They say the tradition of noise makers dates to ancient times as a way to chase off evil spirits. Though these aren't guaranteed to transcend the spiritual realm, they look fun displayed on the table and will make a good clamor come midnight.



You'll Need:
Party noisemakers (run about a $1 a pack)
Clock and music Printables (on our Printables page), or scrapbook, wrapping paper or stickers
tinsel and streamers
odds and ends
glue or hot glue

Though these noisemakers scream "party", I thought I'd give them an easy makeover to highlight the vintagey  New Year's theme and toned down color scheme. I simply cut images and doilies and hot glued over the existing noisemaker, then cut out accents like the clocks and added with ribbon or tinsel accents, or whatever you have on hand.



I found this vintage free art online. The music is "Auld Lang Syne" which apparently loosely translated means "the good old days"

The fun part is making each one unique.

before and after

Wishing everyone A Happy, Healthy and Prosperous New Year!

great vintage images from: http://alteredartfun.blogspot.com





Thursday, December 27, 2012

Chance of Flurries

Edible Snow Globes


There is something truly magical about a snow globe. Who hasn't gazed wistfully into one, mesmerized by the miniature perfect frosty world contained inside? Originally designed as paperweights in the 1800's, snow globes, (or waterdomes or snow shakers) have literally taken the world by "storm"; from plastic souvenirs to high end crystal spheres complete with music and flashing lights.
I thought it might be fun to create an "edible" version and although these treats are not completely true to their highly popular inspiration, they are a whimsical dessert that looks fun on the table for kids or kids at heart.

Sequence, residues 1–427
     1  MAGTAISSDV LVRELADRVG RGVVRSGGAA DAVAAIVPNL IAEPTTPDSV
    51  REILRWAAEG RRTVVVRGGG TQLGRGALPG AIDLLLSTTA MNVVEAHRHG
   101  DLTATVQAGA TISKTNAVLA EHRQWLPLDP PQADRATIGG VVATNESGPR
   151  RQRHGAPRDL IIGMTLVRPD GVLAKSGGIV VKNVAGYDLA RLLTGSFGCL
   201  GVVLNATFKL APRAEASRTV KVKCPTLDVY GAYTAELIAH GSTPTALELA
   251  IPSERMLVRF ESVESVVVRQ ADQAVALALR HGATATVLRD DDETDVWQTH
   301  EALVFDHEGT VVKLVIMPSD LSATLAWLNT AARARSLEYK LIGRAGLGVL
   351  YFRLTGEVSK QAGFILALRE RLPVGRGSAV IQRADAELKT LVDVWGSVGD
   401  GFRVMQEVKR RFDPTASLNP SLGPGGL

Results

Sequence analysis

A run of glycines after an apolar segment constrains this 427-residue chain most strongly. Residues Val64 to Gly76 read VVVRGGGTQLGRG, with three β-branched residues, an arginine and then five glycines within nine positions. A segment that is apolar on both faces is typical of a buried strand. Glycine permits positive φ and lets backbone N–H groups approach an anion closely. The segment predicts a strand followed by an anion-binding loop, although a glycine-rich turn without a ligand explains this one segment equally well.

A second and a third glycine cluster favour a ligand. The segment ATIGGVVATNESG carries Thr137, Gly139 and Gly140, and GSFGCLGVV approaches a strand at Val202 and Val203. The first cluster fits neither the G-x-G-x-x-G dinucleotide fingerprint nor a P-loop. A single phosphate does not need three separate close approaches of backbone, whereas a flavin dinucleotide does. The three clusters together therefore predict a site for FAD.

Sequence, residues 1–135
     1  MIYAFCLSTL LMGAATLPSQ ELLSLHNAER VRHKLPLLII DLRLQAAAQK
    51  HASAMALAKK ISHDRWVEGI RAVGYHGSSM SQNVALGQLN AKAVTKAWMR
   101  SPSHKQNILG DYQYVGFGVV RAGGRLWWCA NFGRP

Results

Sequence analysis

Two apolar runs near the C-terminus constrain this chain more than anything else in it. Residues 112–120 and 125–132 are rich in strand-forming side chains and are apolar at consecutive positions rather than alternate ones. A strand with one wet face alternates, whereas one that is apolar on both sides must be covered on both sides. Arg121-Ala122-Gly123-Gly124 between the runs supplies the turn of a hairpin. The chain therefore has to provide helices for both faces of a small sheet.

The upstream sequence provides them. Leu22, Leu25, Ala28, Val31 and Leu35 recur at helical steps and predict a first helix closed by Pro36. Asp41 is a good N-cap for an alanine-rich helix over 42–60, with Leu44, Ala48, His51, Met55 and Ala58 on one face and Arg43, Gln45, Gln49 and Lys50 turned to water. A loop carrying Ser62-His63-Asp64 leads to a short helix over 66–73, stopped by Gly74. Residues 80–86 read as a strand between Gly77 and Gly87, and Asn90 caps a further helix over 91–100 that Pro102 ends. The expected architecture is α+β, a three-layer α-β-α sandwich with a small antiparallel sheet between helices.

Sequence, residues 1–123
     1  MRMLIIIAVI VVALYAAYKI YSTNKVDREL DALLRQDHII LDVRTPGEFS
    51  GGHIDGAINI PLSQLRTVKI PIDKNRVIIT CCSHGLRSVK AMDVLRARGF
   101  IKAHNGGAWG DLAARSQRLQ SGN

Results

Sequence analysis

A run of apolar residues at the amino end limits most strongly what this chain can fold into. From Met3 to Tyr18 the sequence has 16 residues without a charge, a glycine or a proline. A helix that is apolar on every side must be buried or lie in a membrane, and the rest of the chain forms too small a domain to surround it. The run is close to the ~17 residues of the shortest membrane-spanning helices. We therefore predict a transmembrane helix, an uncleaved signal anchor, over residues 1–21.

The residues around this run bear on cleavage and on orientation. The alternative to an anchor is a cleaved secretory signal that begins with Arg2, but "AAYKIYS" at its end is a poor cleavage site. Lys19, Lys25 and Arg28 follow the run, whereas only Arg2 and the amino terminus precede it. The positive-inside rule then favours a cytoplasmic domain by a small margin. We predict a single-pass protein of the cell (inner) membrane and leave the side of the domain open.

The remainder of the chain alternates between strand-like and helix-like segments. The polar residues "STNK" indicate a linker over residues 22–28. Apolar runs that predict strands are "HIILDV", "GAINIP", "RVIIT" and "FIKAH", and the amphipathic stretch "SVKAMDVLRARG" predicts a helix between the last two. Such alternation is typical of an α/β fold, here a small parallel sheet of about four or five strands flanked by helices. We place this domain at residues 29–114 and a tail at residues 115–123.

These are similar to the little oceans (gummy sharks swimming in blue jello) you might see at a child's birthday party but use a clear gelatin, snowman peeps and coconut "snow"

You'll Need
marshmallow Peep Characters (frozen until hard)
gelatin or vegetarian alternative
shredded coconut
sprite or clear soda or juice
blue sugar or coloring
wine glasses or globe shaped glassware

I followed the recipe on the knox gelatin label for knox bloc, using clear soda (sprite) in place of the water and fruit juice and reducing the packets of gelatin to three, but depending on the brand you may need to experiment. I also added a dash of blue sugar sprinkles as I was out of blue food coloring, to give it a pale blue cooler hue and to counteract the natural yellowy cast) There are also several vegetarian alternatives to gelatin I am dying to try.

Pour a small amount of gelatin in bottom of cup adding a generous amount of coconut. Let chill (about an hour).

 Press snowman peeps firmly into firm gelatin base, cutting a slit in surface if necessary. Once frosty is standing steady, carefully pour in a bit more gelatin mixture (don't cover completely as snowmen will float to the top. I lost a few that way) Chill again and repeat process continuing to add layers of gelatin mixture and sprinkles of coconut a bit at a time. I kept the gelatin mixture at room temperature during this process